7 Your Benefits Health-Care Services When your claim for work-related injury or occupational disease is approved, your employer will pay your medical bills while you recover. What health-care services and costs are covered? All health-care provider, hospital, surgical, pharmacy, and other health-care services necessary for treatment of your work-related injury or occupational disease are paid directly by your employer. Health-care services are provided until your work-related injury has stabilized and reached a point where further recovery is not expected. Other services may include, but are not limited to, emergency ambulance service, special or home nursing care, dental repair, convalescent center care, glasses, hearing aids, crutches, braces, and prostheses. Workers receiving a prosthesis (an artificial limb, for example) also receive lifetime prosthesis maintenance, including replacements needed because of normal wear and tear of the prosthesis or related physical changes. May I choose my health-care provider? The first time you see a doctor, you may choose any health-care provider who is qualified to treat your injury. For ongoing care, you must be treated by a doctor in the L&I medical network. (Find network providers at podiatric physicians; dentists; optometrists; ophthalmologists; advanced registered nurse practitioners; and physician assistants. May I change health-care providers once my claim is filed? Yes. You may change health-care providers or ask for a consulting opinion from another provider if you feel you are not making progress with your current provider. However, to ensure proper payment of medical bills, you must get approval from your employer or their representative before changing providers or seeking another opinion. Note: If you transfer care to a new provider or seek a consulting opinion, you will need to see a provider who is a part of the L&I Medical Provider Network. (Find network providers at Who pays my medical bills? Health-care providers should send their bills to your employer or your employer s representative for payment. Usually, there are no out-of-pocket expenses to you. However, if your eligibility for benefits is in doubt, a provider may bill you. In that case, keep a copy of your invoice and receipt. If your claim is approved, the provider must reimburse you the amount you paid and seek payment from your employer or their representative. If you are receiving medical care out of state, your provider does not need to be in the network. Qualified providers include: medical, osteopathic, chiropractic, naturopathic and 4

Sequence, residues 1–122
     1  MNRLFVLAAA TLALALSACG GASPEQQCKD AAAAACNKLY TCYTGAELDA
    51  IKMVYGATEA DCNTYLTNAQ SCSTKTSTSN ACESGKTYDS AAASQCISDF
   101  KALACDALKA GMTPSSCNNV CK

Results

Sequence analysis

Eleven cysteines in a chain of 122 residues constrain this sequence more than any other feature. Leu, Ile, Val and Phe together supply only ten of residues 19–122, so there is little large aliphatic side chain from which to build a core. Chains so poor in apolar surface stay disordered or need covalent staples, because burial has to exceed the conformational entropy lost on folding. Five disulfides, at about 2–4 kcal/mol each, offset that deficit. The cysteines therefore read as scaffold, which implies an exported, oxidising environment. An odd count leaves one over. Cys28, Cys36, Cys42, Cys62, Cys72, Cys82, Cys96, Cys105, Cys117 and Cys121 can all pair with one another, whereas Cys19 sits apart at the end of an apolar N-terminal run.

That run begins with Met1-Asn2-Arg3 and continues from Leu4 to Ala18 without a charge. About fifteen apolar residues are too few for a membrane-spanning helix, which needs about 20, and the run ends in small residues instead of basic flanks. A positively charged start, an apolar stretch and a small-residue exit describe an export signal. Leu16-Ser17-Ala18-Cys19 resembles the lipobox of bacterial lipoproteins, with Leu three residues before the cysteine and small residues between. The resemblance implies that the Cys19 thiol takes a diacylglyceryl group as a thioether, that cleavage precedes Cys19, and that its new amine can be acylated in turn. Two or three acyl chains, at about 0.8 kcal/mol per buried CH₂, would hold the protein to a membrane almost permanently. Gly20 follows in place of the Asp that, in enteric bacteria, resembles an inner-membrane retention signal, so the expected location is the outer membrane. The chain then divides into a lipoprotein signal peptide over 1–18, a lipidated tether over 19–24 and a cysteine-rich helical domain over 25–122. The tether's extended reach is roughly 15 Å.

8 Time-Loss Compensation (Wage-replacement Benefits) If you are unable to work as a result of your injury or occupational disease, you will be paid a portion of your regular wages. These time-loss compensation payments will not provide you with the same income you earned when you were working. How do I qualify for time-loss compensation? Your health-care provider must notify your employer that your condition is work-related and that you are unable to work. Your provider must also provide objective findings to support their certification. How long do I have to be off work to qualify for time-loss compensation benefits? These benefits are paid if you are unable to work for more than the three days immediately following the date of your injury. Injured workers are not compensated for those first three days unless they are still unable to work on the fourteenth day following the injury. (You may be eligible to receive time-loss benefits for the first three days, if you returned to work, found you could not continue working, then remained off work through the fourteenth day.) When will I get my first benefit check? Your employer must pay you within 14 days of being notified of your claim. How long will I receive time-loss compensation benefits? You will receive time-loss payments twice a month or every two weeks as long as your health-care provider verifies that your condition prevents your return to any work. You and your provider must keep your employer informed of your progress. Without this information, your time-loss compensation check could be delayed or stopped. Will I ever have to return time-loss compensation benefits? If your claim ultimately is rejected because your employer found that your injury or disease was not work-related (or if new information shows your check should have been for a lower amount), you will be required to refund all or part of the money you received. Also, time-loss compensation must be refunded if it is later found that you were able to work or did work days for which you received benefits. How Time-loss Compensation Is Calculated The amount of your time-loss benefit check is 60 to 75 percent of your total wages and certain benefits, depending on your family status and number of dependents you have when you are injured. These benefits cannot exceed specified limits and are based on a standard formula established by law. Establishing your gross income The following is taken into account to establish your gross income at the time of injury: Your wages earned before taxes, including income from a second job. Your employer s contribution to your medical, dental, and vision benefits. The reasonable value of room and board, housing, fuel or similar considerations received from your employer as part of your income. Any bonus you received as a part of the contract of hire with the employer at the time of injury. Tips you reported to your employer for federal income tax purposes. 5